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Wednesday, December 11,2013

The Roscrea redemption

Dench, Coogan anchor heartbreaking true story about a mother’s love

by Allan I. Ross
Where do you draw the line between soft and hard journalism in an age when Americans consider “The Daily Show” a bona fide news source even as “60 Minutes” offers an apology, but not a retraction, about its discredited eyewitness in Benghazi story? Knock the value of human interest pieces all you want, pal — you’re the one reading the Arts & Culture section. Are you not info-tained?

But that’s no way to start a glowing review — let’s ease into this one a little more gently, shall we?

The film “Philomena,” starring Judi Dench and Steve Coogan, is intelligently comedic and heartwarmingly inspirational. It pulses with powerful performances and compelling themes — the guilt of religion, the ferocity of a mother’s love, the fear of being in the closet, the rapture of sex. It’s a deceptively complex affair.

Yes, it’s a human interest story, but one that comes loaded with double indictments. First, it exposes the hypocrisy of the Irish branch of the Roman Catholic Church in the 1950s, which is doggedly anti-premarital sex, yet provides no education — let alone protection — to these rural villagers, more or less setting up a rash of teenage pregnancies. Then, in an interesting parallel, the film also serves as powerful condemnation of a homophobic 1980s American political system and how its witch-hunt mentality drove many gay men into unsafe sexual practices, possibly spurring the AIDS epidemic.

And it was all blown open by a disgraced journalist's story about a plain-spoken Irish nurse who had a child out of wedlock in 1955. How’s that for fluff?

“Philomena” stars Coogan as the BBC journalist/government adviser Martin Sixsmith who was sacked and publicly shamed following a leaked memo micro-scandal. The film begins as he’s contemplating the next phase of his professional career and looking for a shot at redemption. When he happens across the story of 70-year-old Philomena Lee (Dench), who’s searching for the beloved son taken from her 50 years ago by the nuns at the Sacred Heart Convent in Roscrea, Ireland, he picks up the story on little more than a hunch. But it leads to an astoundingly complex journey with universal implications.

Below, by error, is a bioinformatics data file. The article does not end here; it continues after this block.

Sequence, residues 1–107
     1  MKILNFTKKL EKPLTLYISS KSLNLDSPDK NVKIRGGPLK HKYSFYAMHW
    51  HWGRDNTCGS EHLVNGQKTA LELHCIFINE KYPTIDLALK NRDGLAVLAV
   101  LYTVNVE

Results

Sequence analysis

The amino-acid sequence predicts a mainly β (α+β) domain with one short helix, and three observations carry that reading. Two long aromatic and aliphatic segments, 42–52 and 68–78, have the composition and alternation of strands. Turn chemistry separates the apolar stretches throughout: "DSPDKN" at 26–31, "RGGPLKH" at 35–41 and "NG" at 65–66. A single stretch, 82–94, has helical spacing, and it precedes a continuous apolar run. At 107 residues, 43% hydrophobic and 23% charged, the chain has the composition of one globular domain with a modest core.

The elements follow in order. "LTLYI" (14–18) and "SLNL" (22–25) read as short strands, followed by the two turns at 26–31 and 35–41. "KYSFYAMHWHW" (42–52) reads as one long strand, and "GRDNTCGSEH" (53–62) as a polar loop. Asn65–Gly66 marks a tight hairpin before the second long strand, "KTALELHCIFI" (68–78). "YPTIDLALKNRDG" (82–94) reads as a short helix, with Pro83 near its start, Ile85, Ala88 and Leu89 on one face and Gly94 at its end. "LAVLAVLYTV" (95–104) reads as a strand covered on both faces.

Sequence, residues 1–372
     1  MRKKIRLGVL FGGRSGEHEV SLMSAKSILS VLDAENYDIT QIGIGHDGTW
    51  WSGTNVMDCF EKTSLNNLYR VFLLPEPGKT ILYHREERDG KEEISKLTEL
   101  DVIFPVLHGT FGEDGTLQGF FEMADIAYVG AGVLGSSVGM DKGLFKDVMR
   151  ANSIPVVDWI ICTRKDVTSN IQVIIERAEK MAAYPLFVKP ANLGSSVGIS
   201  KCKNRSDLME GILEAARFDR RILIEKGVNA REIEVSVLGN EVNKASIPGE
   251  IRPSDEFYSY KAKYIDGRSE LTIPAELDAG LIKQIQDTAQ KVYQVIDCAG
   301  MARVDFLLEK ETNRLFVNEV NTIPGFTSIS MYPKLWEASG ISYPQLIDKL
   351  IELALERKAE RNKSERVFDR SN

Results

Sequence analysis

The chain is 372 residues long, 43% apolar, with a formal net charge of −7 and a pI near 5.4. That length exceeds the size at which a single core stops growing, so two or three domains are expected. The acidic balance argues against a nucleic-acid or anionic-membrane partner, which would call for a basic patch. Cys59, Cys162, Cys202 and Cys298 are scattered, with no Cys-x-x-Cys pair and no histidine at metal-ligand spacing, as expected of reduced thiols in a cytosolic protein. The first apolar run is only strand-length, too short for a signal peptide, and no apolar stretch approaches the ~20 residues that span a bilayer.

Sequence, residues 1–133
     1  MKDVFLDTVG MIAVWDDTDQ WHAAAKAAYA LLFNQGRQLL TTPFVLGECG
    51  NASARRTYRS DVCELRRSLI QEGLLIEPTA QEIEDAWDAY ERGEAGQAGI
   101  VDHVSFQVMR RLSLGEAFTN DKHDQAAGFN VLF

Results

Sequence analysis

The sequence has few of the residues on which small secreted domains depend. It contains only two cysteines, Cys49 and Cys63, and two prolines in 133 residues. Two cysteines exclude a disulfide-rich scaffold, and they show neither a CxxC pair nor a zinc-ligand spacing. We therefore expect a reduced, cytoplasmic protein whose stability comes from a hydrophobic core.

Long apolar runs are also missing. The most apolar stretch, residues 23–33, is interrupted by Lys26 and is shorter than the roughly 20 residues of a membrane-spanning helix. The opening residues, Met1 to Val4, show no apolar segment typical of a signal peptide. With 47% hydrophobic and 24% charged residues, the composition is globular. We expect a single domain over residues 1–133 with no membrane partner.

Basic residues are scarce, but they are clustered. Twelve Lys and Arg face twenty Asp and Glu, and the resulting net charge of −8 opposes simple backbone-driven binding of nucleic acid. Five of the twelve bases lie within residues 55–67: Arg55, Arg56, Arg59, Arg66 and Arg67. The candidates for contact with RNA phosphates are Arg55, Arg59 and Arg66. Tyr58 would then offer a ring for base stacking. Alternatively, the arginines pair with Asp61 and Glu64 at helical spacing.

To hear that the Roman Catholic Church used poor, unwed mothers for slave labor in Ireland in the 1950s isn’t all that shocking. To find out that they stripped the young mothers of their children to put them up for adoption isn’t all that surprising. But to learn that the church actually sold the babies to Americans, kept the money, then staunchly stood between the mothers and children who longed to find each other — still stands, in fact, like an emotional paywall — is one of the most despicable abuses of power one can imagine.

Directed by Stephen Frears (“The Queen”) and co-written by Coogan, the film is as deliberately understated as its low-key title. What could easily have dissolved into a preachy, syrupy mess rises above any sense of entitlement and presents its characters as fully realized people.

“Philomena” is heartbreakingly human and worthy of your most urgent interest.

It’s based on Sixsmith’s book, “The Lost Child of Philomena Lee,” which focuses mainly on the life of the son she named Anthony, and only gets around to old Phil in the last 20 pages or so. Some of the really astonishing parts were omitted, probably to keep from blowing the audience’s minds. This, incredibly, leaves the possibility for a sequel — or “sidequel,” in Variety-speak — wide open and merited.

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